High-quality evidence shows that MRI in biopsy-naive men can reduce the number of men who need prostate biopsy and can reduce the number of diagnoses of clinically insignificant cancers that are unlikely to cause harm. In men with prior negative biopsy results who remain under persistent suspicion, MRI improves the detection and localization of life-threatening prostate cancer with greater clinical utility than the current standard of care, systematic transrectal US-guided biopsy. Systematic analyses show that MRI-directed biopsy increases the effectiveness of the prostate cancer diagnosis pathway. The incorporation of MRI-directed pathways into clinical care guidelines in prostate cancer detection has begun. The widespread adoption of the Prostate Imaging Reporting and Data System (PI-RADS) for multiparametric MRI data acquisition, interpretation, and reporting has promoted these changes in practice. The PI-RADS MRI-directed biopsy pathway enables the delivery of key diagnostic benefits to men suspected of having cancer based on clinical suspicion. Herein, the PI-RADS Steering Committee discusses how the MRI pathway should be incorporated into routine clinical practice and the challenges in delivering the positive health impacts needed by men suspected of having clinically significant prostate cancer.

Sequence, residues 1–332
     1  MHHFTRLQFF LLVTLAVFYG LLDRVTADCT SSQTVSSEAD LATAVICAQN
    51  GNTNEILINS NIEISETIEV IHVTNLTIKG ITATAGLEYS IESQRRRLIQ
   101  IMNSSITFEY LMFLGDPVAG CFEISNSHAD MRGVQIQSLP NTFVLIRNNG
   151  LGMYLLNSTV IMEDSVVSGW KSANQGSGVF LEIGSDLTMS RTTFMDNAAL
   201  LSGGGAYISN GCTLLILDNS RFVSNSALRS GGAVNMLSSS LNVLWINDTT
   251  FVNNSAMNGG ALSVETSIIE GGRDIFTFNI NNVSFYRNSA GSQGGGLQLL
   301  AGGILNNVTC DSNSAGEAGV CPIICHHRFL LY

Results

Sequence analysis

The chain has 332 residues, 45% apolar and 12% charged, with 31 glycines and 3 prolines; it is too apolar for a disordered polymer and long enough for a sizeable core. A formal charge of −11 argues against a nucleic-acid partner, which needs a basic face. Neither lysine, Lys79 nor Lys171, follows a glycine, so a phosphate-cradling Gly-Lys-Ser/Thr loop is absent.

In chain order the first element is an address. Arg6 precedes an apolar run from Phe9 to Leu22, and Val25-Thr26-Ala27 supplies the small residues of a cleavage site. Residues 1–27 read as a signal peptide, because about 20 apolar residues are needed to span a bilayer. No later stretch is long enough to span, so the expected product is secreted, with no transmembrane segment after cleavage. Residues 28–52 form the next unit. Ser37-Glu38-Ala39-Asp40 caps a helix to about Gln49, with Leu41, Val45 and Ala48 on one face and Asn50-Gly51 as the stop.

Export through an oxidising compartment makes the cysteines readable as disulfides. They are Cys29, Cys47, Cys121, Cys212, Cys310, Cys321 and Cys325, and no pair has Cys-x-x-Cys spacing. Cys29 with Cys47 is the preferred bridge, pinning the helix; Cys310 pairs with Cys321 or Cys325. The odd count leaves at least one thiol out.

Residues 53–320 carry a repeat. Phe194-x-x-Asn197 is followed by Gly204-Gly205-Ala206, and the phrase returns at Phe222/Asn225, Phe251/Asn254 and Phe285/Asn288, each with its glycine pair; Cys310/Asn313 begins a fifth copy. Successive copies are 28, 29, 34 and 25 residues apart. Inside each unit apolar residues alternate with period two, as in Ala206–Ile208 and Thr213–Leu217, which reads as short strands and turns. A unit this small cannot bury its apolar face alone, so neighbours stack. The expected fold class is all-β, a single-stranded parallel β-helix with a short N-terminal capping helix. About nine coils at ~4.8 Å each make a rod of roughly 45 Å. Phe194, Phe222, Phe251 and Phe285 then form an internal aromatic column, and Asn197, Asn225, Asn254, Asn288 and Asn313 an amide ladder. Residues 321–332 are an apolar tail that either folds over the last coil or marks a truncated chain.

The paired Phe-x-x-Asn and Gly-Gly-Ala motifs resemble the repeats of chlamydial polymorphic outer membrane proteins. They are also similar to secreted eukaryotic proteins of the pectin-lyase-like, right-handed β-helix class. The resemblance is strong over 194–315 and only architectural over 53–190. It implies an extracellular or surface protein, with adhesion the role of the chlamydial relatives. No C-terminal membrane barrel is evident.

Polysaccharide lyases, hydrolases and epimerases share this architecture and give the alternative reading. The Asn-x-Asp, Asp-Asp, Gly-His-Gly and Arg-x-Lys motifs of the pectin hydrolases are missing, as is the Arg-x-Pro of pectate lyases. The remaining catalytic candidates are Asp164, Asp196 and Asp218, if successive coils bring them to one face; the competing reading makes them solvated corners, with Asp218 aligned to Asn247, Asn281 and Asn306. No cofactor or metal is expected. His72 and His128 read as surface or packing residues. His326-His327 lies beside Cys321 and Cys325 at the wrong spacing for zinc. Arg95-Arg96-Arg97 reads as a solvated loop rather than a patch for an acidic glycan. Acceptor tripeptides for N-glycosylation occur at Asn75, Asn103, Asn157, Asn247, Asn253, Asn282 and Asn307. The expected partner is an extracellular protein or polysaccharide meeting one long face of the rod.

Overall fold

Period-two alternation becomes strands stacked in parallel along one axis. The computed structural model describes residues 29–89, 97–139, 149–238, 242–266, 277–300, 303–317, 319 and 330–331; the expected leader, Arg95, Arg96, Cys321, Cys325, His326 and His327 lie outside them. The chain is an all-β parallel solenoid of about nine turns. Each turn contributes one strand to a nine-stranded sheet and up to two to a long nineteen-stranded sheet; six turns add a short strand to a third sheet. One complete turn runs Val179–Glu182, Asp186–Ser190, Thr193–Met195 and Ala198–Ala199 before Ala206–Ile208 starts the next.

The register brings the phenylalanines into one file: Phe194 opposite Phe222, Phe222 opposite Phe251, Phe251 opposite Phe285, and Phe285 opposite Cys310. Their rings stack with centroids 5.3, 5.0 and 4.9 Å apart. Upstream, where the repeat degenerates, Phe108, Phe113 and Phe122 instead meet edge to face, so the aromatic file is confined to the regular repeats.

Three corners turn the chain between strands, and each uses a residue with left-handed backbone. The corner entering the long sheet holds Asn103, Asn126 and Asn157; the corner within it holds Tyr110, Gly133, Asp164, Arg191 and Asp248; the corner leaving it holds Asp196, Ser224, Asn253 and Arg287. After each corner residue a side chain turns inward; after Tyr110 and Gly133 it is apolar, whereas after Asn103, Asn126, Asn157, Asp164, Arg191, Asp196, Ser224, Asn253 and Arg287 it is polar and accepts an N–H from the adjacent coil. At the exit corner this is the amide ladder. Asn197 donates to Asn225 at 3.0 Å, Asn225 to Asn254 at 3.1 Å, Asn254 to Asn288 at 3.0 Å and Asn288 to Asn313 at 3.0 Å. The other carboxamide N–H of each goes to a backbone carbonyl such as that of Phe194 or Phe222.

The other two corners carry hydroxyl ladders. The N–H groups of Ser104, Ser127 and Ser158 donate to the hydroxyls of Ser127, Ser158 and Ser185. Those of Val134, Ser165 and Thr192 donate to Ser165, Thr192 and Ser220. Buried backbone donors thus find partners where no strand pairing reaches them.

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http://dx.doi.org/10.1148/radiol.2019182946DOI Listing
http://www.ncbi.nlm.nih.gov/pmc/articles/PMC6677282PMC
August 2019

A Single-Arm, Multicenter Validation Study of Prostate Cancer Localization and Aggressiveness With a Quantitative Multiparametric Magnetic Resonance Imaging Approach.